Yes, the downside appears minimal compared to the upside at this point. If you look at the 10 year chart, you can see that MSFT pretty closely follows the market (in part because MSFT is a large component of the 'market'). However, fundamentally, MSFT is undervalued, and technically appears to show a bottom around the $24.50 mark.
As I see it, LOGI's downward slope is at an end. The dwindling volume simply points to a lack of sellers at this price point and I think we're due to see a return closer to it's actual value in the next week or so. I put together a closer look on my blog here:
Agreed from a technical perspective on LXK and STRA. These stocks are due for a rebound based on their price/volume action as well. They made my shortlist today for technically-supported turnarounds.
STRA is a bit low volume, but it's found a lot of support around its current level, and based on the declining volume on which it reached that level, I would have to still encourage a long play. It made my short list today on technical long recommendations, and with the ratios being attractive, I would look for at least a short term jump in price.
Agreed very strongly on $NVTL. And from a technical perspective, it's poised for another jump up since the downturn has been on decreasing volume. I'm looking for that in the next week, based on my Trend Exhaustion technical indicator.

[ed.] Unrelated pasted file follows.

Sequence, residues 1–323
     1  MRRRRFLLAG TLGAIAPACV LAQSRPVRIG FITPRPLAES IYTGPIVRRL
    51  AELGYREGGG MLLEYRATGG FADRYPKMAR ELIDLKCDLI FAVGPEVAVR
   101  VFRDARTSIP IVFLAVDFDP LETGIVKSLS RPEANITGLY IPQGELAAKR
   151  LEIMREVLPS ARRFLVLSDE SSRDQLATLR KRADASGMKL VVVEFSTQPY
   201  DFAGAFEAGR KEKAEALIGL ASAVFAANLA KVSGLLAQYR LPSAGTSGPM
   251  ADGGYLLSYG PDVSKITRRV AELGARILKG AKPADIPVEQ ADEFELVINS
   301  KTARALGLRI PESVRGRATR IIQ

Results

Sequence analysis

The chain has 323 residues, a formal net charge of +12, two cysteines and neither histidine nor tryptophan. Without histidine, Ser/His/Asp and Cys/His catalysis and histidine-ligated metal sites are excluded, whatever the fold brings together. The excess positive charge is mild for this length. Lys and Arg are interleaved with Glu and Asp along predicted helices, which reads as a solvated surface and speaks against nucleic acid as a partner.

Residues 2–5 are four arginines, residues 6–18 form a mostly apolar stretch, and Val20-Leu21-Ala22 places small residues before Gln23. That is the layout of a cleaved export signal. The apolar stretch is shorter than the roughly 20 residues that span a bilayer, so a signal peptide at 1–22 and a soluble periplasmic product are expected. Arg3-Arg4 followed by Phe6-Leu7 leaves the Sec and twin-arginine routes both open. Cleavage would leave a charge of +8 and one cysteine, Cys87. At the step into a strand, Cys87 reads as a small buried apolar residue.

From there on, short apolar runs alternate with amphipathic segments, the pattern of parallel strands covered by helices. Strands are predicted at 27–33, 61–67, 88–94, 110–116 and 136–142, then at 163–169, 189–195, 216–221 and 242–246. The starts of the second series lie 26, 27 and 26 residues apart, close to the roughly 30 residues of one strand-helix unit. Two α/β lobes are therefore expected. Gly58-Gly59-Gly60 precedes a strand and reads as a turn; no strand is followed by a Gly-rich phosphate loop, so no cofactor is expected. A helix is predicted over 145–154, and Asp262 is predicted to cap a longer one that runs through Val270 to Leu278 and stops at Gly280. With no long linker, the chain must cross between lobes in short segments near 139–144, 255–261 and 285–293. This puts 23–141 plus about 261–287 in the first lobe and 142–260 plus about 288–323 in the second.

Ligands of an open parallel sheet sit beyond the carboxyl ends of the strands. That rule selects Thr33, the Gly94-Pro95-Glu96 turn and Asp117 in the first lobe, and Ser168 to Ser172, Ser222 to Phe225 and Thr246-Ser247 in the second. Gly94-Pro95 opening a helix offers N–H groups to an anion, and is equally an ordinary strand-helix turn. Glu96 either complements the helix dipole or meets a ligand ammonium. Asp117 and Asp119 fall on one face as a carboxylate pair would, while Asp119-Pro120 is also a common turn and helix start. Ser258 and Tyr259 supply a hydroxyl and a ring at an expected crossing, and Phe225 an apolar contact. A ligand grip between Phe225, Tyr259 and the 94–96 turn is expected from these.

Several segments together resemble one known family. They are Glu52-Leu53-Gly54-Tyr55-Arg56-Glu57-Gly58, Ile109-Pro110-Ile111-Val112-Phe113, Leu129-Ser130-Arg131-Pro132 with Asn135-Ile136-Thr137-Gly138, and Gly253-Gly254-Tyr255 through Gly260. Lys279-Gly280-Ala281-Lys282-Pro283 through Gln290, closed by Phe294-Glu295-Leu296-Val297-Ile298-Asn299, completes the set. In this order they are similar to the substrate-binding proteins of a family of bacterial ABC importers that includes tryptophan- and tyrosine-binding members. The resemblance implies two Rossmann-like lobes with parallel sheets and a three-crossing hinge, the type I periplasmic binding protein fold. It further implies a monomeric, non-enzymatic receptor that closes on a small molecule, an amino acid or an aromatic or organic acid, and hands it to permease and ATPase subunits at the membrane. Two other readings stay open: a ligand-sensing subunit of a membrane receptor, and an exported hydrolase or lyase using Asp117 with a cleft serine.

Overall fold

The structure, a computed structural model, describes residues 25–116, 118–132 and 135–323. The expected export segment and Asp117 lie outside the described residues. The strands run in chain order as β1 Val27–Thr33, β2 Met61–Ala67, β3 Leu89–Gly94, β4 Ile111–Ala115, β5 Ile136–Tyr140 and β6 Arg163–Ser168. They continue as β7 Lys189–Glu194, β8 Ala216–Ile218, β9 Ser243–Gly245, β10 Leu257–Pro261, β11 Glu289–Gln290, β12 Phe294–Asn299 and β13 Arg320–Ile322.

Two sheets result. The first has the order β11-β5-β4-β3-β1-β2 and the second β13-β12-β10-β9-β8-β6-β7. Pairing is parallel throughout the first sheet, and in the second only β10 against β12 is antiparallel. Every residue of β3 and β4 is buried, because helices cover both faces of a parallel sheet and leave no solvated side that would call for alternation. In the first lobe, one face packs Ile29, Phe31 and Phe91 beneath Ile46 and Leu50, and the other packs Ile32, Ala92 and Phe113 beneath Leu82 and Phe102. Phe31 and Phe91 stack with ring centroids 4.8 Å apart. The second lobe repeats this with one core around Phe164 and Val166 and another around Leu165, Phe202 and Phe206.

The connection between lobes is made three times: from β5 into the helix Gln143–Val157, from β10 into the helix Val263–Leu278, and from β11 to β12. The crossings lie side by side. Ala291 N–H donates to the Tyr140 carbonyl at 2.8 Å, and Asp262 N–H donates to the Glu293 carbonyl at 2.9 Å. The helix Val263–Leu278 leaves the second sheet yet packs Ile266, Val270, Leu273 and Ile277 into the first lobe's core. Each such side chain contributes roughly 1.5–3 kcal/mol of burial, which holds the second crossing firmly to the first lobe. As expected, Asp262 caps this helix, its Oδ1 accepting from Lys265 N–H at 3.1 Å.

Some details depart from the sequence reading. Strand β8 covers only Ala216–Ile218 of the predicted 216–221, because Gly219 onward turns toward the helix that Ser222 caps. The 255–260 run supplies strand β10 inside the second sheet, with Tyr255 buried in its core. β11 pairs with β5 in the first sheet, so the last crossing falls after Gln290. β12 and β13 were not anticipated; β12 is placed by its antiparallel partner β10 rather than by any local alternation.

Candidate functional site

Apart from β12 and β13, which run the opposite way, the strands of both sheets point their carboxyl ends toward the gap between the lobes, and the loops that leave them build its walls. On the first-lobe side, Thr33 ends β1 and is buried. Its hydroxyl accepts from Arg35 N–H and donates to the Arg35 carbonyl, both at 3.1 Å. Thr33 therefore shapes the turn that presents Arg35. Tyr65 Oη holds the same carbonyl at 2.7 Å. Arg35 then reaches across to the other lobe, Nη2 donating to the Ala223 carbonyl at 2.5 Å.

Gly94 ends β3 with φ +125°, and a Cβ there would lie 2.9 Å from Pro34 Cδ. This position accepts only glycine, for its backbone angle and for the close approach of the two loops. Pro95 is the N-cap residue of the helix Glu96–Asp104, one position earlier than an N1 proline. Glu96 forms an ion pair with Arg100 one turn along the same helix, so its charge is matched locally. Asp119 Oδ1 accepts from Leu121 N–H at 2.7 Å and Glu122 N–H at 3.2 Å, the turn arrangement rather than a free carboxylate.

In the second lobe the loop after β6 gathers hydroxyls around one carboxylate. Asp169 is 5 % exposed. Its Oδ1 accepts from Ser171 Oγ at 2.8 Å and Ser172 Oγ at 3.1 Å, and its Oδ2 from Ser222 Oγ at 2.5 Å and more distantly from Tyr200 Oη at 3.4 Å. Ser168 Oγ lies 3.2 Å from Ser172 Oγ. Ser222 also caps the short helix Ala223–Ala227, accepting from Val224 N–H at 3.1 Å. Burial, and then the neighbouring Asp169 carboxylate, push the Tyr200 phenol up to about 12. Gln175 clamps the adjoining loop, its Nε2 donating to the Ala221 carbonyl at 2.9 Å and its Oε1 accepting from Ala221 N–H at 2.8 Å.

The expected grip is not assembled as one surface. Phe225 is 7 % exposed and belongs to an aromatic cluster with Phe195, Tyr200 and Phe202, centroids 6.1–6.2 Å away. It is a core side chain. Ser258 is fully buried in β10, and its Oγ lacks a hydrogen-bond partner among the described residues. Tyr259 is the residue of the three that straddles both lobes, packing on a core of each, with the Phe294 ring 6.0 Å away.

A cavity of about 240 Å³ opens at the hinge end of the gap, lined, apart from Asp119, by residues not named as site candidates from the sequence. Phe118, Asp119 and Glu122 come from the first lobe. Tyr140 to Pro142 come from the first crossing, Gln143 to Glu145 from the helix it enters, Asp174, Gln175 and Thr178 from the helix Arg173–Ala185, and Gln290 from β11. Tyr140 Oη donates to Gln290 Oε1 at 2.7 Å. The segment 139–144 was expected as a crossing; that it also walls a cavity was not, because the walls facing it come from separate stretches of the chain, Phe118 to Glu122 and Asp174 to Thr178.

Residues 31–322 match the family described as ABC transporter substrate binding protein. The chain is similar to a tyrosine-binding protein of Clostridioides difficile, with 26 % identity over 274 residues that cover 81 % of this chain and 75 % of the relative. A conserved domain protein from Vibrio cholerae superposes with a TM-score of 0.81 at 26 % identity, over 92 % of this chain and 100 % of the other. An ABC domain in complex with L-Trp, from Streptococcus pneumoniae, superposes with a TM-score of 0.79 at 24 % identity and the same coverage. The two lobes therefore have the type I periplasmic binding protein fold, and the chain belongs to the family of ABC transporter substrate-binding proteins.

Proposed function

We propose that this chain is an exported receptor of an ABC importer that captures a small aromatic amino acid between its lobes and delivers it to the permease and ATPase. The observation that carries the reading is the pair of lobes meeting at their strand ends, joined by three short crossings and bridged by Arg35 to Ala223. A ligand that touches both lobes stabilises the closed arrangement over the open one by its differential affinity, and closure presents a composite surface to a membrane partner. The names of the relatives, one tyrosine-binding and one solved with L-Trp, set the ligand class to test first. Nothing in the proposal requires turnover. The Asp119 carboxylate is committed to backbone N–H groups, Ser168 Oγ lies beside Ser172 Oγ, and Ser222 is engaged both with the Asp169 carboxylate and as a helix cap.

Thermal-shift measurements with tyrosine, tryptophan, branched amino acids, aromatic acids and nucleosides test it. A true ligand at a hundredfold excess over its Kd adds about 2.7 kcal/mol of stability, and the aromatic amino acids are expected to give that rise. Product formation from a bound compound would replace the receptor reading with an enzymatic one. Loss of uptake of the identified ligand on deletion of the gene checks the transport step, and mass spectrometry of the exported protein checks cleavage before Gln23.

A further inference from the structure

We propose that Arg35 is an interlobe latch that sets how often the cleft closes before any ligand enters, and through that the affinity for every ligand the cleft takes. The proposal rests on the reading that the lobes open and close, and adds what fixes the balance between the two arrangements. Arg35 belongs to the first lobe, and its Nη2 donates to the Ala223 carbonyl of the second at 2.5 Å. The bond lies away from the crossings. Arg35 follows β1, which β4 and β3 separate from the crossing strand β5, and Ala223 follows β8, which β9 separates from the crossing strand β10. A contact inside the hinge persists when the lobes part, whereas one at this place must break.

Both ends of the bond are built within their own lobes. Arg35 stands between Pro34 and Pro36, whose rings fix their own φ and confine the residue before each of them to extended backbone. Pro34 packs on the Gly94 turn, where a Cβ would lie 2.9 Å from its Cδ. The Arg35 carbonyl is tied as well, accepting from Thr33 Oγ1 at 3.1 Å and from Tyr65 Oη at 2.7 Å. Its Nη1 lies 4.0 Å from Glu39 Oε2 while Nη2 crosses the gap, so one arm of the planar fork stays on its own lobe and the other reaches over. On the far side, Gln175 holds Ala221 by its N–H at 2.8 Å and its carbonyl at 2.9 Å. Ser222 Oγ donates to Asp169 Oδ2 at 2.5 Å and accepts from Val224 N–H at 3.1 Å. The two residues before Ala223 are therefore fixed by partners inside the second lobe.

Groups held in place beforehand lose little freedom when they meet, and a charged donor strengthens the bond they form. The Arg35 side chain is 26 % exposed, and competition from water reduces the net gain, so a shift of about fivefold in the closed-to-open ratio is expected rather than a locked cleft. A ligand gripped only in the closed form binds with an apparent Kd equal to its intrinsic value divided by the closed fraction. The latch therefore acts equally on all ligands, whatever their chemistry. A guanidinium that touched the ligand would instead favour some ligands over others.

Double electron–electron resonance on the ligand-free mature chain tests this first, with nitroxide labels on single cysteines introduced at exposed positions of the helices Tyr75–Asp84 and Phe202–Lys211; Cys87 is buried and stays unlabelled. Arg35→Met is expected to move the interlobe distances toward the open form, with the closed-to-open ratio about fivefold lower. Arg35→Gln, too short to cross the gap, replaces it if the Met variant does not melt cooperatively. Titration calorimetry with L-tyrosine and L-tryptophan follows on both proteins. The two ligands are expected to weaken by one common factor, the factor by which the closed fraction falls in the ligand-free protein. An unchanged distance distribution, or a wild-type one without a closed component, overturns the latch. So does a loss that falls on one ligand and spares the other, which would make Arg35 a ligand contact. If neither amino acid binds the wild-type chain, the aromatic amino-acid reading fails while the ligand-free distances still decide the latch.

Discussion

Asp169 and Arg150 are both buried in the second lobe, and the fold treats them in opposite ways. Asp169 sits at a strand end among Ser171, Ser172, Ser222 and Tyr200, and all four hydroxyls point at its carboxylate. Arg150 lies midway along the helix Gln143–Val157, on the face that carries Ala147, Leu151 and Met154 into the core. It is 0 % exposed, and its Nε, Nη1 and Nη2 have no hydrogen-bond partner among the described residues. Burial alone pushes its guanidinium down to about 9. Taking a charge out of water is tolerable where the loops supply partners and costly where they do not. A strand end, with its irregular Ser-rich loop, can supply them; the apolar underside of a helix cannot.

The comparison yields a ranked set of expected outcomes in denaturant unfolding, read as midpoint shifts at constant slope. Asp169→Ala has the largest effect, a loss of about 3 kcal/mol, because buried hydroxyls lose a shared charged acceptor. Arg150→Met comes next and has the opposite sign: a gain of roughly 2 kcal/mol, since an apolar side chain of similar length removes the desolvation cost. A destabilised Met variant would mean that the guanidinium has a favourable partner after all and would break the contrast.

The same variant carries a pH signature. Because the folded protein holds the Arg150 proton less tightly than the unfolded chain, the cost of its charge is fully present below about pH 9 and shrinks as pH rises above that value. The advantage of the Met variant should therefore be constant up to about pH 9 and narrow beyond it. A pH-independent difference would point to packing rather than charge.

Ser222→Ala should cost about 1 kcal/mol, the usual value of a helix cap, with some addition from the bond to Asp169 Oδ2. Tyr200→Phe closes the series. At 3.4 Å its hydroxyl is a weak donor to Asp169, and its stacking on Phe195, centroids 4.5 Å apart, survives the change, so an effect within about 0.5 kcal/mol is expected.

As a coincidence I am also long $NTRI.
To me, it sounds like RIMM is in a growing marketspace, even, as PlentyOStocks said, their slice is relatively shrinking (but absolutely growing). It was flagged in my Trend Exhaustion software as a near-term price reversal candidate. As a Contrarian, I'm recommending a buy on this bad news. Volume has settled, and I believe we've run out of sellers.
INTC and ALU putters are definitely wise. After those strong moves, I would certainly want to protect my gains too. I'm looking for INTC to take a bit of a bath in the next week or so, as the smart money cashes in on that gain and waits for a lower entry point.
Interesting that 2 of your 'safety stocks' (JNJ, NVS) made my overbought short-list today. Based on their recent price/volume activity, they look poised for a correction. And as you said in your previous comment, I believe we're in for a short term, market-wide sell-off. Many ETFs appear to be moving upward with dwindling volume support, which, to me, typically means we're coming over the crest of the hill into a decline (as I wrote on Thursday: ). I'm waiting for the correction before I go long anything with a high beta.
Yes, for the vast majority, market timing is a fool's errand. For those in for the long-term and not inclined to wait for bad news to buy a good company (like JNJ), I would recommend dollar-cost averaging by buying your stake in at least 3 separate transactions (over a period of weeks/months that you decide ahead of time).
Great points, and I agree with Dividend Player... JNJ is a long term player in the industry. However, after that recent run up, my Trend Exhaustion indicator flagged it as an opportune Sell, (Take Profit, Wait to Buy, or whatever other label you want to put on it). I just can't be a buyer on good news. IMO, the best deal on JNJ will be found after the next multi-point slide.